re·lay1 • n. / ˈrēˌlā/ 1. a group of people or animals engaged in a task or activity for a fixed period of time and then replaced by a similar group: the wagons were pulled by relays of horses gangs of workers were sent in relays. ∎ [usu. as adj.] a race between teams usually of sprinters or swimmers, each team member in turn covering part of the total distance: a 550-meter relay race. 2. an electrical device, typically incorporating an electromagnet, that is activated by a current or signal in one circuit to open or close another circuit. 3. a device to receive, reinforce, and retransmit a broadcast or program. ∎ a message or program transmitted by such a device: a relay of a performance live from the concert hall. • v. / riˈlā; ˈrēˌlā/ [tr.] receive and pass on (information or a message): she intended to relay everything she had learned. ∎ broadcast (something) by passing signals received from elsewhere through a transmitting station: the speech was relayed live from the White House.
1. In networking, a means of passing information between two or more networks, each offering a similar network function but each using a different protocol. In general a relay differs from a gateway or bridge in offering a store-and-forward service rather than a real-time service. As an example, a mail relay may be used to pass mail messages between networks using different mail protocols. See also cell relay, frame relay.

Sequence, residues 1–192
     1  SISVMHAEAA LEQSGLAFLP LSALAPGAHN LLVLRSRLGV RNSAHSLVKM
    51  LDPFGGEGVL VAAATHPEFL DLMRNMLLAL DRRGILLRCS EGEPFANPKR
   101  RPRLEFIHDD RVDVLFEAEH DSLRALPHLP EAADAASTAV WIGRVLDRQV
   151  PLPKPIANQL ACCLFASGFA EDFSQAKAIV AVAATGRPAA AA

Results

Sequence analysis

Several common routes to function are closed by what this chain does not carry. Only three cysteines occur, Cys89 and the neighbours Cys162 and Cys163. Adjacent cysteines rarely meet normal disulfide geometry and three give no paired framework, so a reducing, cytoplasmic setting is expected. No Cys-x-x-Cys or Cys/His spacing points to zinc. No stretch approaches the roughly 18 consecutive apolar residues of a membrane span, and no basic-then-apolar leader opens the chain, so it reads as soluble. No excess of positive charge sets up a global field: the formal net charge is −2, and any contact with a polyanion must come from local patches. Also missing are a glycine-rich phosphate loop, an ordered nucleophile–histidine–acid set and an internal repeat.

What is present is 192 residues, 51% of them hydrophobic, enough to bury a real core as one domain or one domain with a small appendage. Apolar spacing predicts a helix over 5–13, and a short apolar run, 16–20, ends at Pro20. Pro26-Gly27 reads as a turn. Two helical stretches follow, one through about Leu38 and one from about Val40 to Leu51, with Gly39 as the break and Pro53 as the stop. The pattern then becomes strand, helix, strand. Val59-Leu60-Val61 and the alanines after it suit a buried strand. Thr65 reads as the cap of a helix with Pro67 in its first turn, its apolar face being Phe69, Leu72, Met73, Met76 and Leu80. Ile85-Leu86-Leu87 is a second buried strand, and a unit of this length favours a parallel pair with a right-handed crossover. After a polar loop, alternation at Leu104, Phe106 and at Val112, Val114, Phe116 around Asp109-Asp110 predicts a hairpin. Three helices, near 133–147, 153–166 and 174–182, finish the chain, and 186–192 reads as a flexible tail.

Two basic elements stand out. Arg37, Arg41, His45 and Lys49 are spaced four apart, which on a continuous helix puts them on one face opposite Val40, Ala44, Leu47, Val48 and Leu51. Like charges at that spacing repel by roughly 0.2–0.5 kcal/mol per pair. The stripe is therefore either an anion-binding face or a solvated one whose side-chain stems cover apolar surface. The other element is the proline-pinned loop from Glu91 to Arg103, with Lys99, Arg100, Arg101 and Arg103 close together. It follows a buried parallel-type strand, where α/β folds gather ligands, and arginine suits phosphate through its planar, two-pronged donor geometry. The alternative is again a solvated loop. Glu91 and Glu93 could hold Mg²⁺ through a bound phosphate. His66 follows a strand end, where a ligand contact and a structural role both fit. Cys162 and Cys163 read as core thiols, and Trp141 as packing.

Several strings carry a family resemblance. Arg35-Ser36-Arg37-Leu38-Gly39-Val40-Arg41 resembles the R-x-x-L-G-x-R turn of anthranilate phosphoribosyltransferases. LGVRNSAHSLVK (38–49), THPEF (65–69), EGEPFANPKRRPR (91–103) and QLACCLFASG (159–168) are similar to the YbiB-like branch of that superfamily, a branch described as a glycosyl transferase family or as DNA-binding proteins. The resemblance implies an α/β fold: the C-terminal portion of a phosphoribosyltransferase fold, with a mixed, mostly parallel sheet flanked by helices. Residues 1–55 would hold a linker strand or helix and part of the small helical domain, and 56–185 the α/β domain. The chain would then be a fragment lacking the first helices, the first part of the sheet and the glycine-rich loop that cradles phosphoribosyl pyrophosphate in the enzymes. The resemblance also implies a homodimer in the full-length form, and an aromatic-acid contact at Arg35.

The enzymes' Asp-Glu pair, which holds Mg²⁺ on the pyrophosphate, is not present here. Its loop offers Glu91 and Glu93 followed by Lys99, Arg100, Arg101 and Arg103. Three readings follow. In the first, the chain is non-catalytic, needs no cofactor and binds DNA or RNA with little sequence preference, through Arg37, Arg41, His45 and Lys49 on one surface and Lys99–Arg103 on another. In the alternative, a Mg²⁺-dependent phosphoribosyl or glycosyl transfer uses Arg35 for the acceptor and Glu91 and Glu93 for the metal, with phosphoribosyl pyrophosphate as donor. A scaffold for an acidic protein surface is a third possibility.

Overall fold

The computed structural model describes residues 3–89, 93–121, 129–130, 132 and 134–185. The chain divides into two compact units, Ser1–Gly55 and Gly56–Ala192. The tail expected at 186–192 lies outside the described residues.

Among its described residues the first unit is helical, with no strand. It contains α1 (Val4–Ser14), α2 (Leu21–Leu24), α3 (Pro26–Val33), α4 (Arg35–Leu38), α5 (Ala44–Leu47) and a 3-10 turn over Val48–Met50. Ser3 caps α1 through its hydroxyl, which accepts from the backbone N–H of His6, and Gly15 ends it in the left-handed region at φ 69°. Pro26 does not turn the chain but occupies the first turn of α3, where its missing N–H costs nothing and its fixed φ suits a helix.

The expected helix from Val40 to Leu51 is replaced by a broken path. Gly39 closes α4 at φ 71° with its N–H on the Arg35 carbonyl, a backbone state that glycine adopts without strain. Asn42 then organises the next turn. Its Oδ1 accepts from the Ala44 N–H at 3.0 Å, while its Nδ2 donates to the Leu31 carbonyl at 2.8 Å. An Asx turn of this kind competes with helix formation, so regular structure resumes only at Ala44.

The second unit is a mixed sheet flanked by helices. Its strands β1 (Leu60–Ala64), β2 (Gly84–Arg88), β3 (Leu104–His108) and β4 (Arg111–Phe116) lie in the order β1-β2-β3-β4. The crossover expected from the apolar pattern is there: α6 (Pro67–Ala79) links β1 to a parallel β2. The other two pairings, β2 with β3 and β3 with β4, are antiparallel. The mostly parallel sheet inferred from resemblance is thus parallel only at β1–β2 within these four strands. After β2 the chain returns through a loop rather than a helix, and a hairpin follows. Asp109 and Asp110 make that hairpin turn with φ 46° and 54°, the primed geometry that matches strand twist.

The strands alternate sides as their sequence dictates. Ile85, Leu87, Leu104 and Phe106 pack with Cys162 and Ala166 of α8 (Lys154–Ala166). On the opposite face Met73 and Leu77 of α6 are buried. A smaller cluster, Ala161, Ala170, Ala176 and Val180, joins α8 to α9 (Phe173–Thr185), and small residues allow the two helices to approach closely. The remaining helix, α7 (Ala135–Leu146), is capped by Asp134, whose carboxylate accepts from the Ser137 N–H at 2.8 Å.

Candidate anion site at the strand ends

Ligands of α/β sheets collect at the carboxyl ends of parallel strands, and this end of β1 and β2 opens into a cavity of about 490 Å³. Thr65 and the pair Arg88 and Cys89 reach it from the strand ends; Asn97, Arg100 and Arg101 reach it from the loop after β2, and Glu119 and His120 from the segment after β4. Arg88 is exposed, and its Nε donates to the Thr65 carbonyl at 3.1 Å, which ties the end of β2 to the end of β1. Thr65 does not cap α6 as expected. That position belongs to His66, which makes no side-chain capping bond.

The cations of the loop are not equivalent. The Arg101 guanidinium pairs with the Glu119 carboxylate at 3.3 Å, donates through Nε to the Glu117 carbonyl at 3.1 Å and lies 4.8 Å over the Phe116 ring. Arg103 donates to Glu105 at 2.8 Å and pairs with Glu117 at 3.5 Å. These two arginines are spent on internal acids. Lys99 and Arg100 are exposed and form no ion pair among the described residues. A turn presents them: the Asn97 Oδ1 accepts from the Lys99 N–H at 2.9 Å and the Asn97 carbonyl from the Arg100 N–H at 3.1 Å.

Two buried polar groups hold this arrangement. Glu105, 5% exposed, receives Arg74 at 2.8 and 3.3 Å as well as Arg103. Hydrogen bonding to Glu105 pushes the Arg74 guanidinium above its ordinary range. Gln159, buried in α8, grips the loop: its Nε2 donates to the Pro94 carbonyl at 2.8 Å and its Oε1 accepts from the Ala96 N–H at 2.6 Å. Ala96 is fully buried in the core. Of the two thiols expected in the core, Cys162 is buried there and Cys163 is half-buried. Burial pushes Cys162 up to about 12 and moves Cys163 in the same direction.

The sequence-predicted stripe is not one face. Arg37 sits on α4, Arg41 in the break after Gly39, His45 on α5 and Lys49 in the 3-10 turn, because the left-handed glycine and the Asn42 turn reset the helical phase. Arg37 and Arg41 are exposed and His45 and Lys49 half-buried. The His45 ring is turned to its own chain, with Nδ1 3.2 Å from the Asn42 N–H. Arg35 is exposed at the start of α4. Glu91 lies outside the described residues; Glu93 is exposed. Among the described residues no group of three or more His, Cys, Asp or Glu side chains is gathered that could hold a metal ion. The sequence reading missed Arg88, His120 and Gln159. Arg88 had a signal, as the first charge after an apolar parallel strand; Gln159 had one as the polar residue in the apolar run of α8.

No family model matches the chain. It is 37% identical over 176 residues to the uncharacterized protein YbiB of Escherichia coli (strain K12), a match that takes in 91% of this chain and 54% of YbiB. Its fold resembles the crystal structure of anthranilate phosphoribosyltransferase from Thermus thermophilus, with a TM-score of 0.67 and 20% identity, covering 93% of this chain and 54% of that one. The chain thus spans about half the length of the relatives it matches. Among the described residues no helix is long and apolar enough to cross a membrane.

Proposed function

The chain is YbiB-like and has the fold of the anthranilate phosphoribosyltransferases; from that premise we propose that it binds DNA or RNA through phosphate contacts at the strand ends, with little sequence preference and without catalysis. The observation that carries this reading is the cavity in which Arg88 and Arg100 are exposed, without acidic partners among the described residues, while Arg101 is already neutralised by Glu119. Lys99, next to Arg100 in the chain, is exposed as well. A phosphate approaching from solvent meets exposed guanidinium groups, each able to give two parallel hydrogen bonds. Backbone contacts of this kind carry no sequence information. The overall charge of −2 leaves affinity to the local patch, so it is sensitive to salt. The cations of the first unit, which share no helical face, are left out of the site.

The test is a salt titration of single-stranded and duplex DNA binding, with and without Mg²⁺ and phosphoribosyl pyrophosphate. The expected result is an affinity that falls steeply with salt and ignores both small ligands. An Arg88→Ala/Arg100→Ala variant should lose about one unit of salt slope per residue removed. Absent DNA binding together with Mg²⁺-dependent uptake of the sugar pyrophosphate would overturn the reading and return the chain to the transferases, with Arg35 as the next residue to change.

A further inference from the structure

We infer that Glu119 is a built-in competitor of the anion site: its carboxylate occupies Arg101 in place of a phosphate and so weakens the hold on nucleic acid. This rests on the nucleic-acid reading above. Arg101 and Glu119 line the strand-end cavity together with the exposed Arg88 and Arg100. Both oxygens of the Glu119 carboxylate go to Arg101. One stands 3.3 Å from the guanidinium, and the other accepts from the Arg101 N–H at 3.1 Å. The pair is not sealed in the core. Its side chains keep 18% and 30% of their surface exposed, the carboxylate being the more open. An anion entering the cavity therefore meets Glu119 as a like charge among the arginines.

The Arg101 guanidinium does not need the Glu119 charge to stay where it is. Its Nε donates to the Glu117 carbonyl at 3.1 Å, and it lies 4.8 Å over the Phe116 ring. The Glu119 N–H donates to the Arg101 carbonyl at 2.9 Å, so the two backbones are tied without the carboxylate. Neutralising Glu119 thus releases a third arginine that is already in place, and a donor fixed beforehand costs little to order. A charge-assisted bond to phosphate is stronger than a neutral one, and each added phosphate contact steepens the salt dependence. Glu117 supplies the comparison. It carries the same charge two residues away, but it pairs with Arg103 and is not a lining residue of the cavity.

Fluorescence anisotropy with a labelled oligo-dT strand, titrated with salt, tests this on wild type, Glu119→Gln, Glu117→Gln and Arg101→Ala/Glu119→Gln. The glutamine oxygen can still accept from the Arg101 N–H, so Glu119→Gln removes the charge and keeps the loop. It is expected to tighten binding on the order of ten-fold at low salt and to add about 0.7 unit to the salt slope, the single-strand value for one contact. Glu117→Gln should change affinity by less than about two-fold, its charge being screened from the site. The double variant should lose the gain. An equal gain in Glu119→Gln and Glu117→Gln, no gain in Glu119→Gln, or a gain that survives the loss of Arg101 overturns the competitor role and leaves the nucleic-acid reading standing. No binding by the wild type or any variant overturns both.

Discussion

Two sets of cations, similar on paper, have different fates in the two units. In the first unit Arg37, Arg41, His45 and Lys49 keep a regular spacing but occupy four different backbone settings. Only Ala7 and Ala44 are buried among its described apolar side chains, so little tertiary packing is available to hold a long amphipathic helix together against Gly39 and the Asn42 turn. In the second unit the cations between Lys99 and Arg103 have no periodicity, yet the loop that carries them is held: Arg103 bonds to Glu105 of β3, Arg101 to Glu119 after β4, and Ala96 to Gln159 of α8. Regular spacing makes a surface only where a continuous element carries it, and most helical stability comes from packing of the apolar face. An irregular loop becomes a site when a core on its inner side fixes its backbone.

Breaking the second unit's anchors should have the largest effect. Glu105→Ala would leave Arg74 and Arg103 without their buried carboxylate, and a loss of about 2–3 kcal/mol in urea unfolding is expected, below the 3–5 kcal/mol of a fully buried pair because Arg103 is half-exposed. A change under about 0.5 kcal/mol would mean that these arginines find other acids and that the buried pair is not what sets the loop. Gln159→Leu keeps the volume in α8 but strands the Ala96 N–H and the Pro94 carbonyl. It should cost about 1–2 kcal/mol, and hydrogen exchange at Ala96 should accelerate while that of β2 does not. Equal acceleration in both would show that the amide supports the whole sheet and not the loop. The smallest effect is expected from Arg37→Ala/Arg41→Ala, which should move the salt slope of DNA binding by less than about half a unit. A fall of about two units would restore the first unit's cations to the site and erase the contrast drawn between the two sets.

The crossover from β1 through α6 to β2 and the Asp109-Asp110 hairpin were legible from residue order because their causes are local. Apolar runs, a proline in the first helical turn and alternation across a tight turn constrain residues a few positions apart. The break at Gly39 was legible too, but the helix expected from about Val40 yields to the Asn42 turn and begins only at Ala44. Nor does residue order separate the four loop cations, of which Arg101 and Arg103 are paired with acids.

The term relay is used in some communities as synonymous with bridge or gateway. These three terms have meanings that vary between different communities at the same time, and within a given community at different times.
2. An electrically controlled switch enabling small signals to control much larger powers than would normally be possible as well as providing isolation between circuits. Various contact arrangements, e.g. normally open, normally closed, change-over and multiple poles, are available, as are bistable versions.